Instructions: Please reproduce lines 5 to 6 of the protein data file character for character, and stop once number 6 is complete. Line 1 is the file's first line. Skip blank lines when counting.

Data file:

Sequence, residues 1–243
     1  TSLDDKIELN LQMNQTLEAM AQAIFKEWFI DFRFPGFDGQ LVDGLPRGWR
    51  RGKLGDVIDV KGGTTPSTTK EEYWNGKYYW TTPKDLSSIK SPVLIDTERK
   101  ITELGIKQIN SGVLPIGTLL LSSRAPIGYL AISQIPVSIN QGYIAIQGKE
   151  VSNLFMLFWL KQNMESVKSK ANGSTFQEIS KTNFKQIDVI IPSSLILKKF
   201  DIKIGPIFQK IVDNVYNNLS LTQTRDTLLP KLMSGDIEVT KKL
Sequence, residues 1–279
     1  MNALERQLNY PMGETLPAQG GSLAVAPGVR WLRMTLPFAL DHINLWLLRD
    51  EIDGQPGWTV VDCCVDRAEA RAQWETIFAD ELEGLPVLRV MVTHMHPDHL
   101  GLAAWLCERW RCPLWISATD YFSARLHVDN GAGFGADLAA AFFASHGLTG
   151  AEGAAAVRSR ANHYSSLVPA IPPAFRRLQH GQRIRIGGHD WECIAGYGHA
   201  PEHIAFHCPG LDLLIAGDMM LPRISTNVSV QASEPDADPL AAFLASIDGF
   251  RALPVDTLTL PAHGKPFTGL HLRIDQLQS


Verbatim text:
   151  VSNLFMLFWL KQNMESVKSK ANGSTFQEIS KTNFKQIDVI IPSSLILKKF
   201  DIKIGPIFQK IVDNVYNNLS LTQTRDTLLP KLMSGDIEVT KKL